If you zoom in to that “low, flat” period of the curve, you’ll see the same trend in falling accident rates. It’s like a “half life” kind of exponential decay; Even when there is practically nothing left, rates still fall to half of their previous values every certain period of time. Of course, by that later period, there is so little there that when you zoom into it, you can see each individual accident.
This graph speaks for itself. The data are of a slightly different kind: It shows fatal accidents (not hull-loss accidents) in any size commercial airplane (including small turboprops, anything with paying passengers) operated by US airlines (i.e. including accidents that take place outside the US). But the numbers are similar, and the trend is exactly the same "half-life decay":
Each block represents one accident, and each pile of blocks is for one year. Note that the blocks are scaled so that the top of each pile represents the number of fatal accidents per million flights that year; if there were 15 fatal accidents in a year with 10 million flights, then the blocks are scaled so that the top of the pile is at "1.5". In other words, the blocks get slightly smaller as there are typically more flights per year and each block becomes a smaller fraction of the overall total flights, statistically. But even if that were not done, you can see how the number of blocks decreases pretty dramatically.
Also worth noting is that many of the accidents that caused 1-2 fatalities involved only ground crew who were refueling the airplane, handling luggage, etc, and not passengers. The flight line can be a dangerous place.
As the two graphs above show, air travel is not only ridiculously safe, it’s still getting safer! All this hard work by regulatory agencies (coming up with new rules that prevent accidents from happening again, even when they increase the cost of flying), Boeing (building our airplanes better, even when this requires mountains of paperwork that literally take years to complete), and the airlines (more closely monitoring more things about the health of each airplane and about the pilot’s operating procedures), is all paying off. The numbers don’t lie. Flying just gets safer and safer and safer.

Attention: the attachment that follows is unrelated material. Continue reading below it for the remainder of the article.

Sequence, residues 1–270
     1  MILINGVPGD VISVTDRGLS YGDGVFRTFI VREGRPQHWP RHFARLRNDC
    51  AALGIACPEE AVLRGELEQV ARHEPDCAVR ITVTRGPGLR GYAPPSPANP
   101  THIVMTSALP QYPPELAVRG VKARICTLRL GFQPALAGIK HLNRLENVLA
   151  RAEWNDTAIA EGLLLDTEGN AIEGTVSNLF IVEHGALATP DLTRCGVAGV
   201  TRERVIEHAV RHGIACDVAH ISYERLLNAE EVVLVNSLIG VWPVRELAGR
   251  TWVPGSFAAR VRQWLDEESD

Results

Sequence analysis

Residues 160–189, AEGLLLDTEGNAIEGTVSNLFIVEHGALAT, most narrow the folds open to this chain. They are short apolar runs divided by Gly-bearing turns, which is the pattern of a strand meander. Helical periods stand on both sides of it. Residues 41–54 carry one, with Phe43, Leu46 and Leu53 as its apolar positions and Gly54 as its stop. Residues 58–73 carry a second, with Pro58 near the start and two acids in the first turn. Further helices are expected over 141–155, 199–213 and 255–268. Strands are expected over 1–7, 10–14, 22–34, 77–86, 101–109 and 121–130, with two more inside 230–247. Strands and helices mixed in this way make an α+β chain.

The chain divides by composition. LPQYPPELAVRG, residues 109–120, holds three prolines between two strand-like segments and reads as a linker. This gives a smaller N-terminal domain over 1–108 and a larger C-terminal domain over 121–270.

To learn more, I would highly recommend you check Boeing’s aviation safety website, the FAA's safety webpages and lessons-learned and statistics databases, all of which are very informative, written in accessible language, and easy to navigate. Do check them out.
If you dig around, there’s even more great data out there to be found. For example, you can see here and here how each new generation of airliners is progressively safer than the previous one (other than for an initial spike of accidents right after each new airplane type is first introduced… with the remarkable exception of the 777, which has only caused one single fatality in its entire operational history. We must be doing something right. I expect that we’re still doing it on the 787).
Next time you ask yourself whether flying is safe, whether the work done by manufacturers and regulators and airlines and controllers and maintenance shops is paying off, whether anyone is cutting any corners when it comes to safety... Have no doubt: Everyone in the commercial aviation industry is working as hard as they can to keep you as safe as they can, literally eliminating every foreseeable disaster scenario, and right now they are more successful than ever. YEARS go by between fatal jetliner accidents in the US, and this number of years will just keep increasing, even though the number of flights that take off and land every day keeps going up and up. Deaths due to cows happen more often than deaths in commercial airplanes.
So whenever someone says "Have a safe flight!" when you go to the airport, do what I always do. Reply: "They're all safe" :]
Blue skies and tailwinds!